With our global citizenship program, they’ll not only learn how to develop friendships and bonds, but they’ll also learn valuable skills like teamwork and the importance of helping others. Volunteering opportunities will also give young people a chance to reconnect with something they care about. If they feel strongly for a particular cause, our programme will help them nurture that care into something meaningful and positive. Having something that they deeply care about can help re-develop that sense of purpose and give them something to keep busy with once they leave the clinic.

Depression can be isolating and lonely, but our activity-based treatments encourage young people to build confidence in themselves, their strengths, and their ability to form healthy relationships. With our outside-inside approach, young people have the opportunity to grow and develop a bank of skills that can be used in their future. All these strategies can be used in times of stress, helping them develop healthy coping mechanisms in times of stress and worry.

We combine a range of creative and holistic treatments into each of our young person’s treatment plans, including:

  • Education on the food and body groups
  • Mindful movement
  • Tension, stress, and trauma release (TRE)
  • Reiki
  • Eating disorder informed yoga
  • Education on nourishment and healthy eating
  • Journalling and reflective writing
  • Team sports and group challenges

Well-being and physical health are often put on the backburner with depression, so our approach will give young people a chance to develop healthy habits and find ways to release their emotions. 

Depression can take the fun out of a lot of activities. It can make young people feel disconnected from those around them, isolated from normal social experiences. This is one of the reasons ‘experiences’ is a core component of our seven elements. We’ll help reconnect young people to fun and challenging experiences, cultivating a strong sense of accomplishment and team spirit.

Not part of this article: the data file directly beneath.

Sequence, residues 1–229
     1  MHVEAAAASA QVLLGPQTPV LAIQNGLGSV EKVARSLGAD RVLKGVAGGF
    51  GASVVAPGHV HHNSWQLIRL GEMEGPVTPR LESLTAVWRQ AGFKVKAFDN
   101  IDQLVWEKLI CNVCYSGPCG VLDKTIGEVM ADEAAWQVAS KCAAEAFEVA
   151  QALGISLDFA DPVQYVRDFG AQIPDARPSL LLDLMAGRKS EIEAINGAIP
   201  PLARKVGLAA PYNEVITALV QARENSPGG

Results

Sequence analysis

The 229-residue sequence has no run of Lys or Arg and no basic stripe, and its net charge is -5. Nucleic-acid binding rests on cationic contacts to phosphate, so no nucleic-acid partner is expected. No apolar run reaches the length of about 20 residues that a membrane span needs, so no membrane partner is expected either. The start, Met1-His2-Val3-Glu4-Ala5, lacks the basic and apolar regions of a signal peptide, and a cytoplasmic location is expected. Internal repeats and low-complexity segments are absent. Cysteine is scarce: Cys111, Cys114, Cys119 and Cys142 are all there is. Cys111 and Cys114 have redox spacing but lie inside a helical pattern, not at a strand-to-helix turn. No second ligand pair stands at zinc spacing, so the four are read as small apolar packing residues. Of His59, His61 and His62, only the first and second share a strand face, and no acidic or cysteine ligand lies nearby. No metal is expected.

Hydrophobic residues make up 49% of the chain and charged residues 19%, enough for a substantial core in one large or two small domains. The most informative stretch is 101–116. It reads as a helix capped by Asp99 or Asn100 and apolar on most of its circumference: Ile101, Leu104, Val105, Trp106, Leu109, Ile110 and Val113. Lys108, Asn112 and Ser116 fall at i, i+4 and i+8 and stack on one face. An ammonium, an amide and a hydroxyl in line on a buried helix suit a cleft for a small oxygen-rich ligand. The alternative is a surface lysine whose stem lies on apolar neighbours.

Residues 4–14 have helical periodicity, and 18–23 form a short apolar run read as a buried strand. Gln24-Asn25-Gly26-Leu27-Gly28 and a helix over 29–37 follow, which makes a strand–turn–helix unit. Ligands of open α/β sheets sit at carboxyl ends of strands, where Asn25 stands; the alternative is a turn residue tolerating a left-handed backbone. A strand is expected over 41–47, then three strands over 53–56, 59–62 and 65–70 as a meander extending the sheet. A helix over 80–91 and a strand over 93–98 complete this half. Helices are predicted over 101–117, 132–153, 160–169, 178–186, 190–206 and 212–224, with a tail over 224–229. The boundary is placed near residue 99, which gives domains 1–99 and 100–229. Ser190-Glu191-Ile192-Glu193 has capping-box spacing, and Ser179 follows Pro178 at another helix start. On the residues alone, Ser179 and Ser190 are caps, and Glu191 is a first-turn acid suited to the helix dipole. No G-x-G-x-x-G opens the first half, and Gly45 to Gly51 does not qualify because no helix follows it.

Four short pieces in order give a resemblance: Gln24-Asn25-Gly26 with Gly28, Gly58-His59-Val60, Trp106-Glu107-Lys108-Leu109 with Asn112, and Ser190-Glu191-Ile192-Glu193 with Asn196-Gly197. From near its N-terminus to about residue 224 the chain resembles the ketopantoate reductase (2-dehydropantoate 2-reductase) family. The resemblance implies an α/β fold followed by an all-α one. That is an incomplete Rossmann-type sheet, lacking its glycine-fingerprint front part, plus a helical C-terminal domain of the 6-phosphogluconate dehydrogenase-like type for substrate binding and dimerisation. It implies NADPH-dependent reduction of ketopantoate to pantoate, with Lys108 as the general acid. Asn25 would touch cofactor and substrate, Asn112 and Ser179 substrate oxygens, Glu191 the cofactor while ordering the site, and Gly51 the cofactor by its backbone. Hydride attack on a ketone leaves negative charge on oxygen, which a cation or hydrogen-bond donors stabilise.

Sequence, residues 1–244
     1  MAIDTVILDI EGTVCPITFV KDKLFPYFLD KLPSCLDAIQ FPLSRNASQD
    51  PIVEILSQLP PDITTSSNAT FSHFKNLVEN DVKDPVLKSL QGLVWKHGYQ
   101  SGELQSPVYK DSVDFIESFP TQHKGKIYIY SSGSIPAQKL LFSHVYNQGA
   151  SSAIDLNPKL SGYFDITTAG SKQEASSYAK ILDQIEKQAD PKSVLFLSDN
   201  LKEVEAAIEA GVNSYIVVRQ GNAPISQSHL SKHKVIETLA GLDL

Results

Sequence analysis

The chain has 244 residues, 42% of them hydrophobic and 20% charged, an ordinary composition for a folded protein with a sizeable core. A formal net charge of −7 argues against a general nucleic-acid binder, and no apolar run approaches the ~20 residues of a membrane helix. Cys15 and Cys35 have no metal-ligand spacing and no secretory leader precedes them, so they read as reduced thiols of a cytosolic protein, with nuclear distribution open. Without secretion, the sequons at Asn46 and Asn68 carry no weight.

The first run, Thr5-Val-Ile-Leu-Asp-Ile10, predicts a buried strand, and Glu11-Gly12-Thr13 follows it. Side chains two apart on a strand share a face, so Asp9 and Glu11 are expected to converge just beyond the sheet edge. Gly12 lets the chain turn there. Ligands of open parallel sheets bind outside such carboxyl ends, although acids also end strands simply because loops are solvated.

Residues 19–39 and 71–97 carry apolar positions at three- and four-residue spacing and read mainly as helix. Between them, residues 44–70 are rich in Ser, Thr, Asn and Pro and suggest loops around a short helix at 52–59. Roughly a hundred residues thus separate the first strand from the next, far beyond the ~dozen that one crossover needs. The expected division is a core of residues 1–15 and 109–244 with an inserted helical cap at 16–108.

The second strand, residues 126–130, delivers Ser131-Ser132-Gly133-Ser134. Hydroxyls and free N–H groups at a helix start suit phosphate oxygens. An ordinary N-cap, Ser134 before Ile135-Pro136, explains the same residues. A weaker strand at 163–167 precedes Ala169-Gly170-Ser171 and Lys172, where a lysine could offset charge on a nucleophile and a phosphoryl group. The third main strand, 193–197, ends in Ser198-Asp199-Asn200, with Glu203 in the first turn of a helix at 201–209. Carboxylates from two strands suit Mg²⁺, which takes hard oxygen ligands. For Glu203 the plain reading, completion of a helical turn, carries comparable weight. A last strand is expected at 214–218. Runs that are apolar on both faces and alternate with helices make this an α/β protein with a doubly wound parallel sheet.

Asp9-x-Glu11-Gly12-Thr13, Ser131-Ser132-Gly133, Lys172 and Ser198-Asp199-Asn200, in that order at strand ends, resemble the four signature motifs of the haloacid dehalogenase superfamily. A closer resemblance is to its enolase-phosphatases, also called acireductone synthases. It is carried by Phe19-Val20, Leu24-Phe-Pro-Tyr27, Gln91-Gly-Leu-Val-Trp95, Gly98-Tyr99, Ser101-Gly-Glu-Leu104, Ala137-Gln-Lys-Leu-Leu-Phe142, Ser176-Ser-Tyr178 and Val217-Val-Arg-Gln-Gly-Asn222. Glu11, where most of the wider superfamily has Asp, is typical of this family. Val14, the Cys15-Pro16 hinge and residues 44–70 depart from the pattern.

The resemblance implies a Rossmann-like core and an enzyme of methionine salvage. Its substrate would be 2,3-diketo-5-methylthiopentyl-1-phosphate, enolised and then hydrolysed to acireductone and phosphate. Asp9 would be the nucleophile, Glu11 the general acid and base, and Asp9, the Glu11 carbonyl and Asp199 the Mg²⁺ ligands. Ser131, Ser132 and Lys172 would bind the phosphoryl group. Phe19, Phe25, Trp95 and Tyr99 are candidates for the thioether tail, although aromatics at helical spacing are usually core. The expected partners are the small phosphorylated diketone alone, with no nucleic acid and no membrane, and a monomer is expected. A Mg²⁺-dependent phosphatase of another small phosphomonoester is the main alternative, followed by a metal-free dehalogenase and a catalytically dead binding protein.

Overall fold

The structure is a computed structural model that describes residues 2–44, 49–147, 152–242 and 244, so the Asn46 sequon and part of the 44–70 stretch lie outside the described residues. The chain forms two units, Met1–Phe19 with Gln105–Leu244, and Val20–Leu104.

We don’t just focus on medical and clinical treatment – we’re also keen to get our young people involved in fun challenges and experiences that will empower them and help them learn new life skills.

All young people have the chance to take part in a range of experiences and exciting adventures, including:

  • Dance and drama productions
  • Fashion design 
  • Batik painting
  • Pottery
  • Horse riding
  • Jungle adventures
  • Orienteering
  • Rock climbing

Depression can often impact relationships and the way a young person approaches life. That’s why our ‘experiences’ element is designed to help bolster their confidence to try new things and give them a chance to develop team-building skills. 

Depression doesn’t have to rob a young person of their potential. They’ve got so much ahead of them, and we’re keen to help them realise their dreams and ambitions, giving them the tools and resources to set the cogs into motion.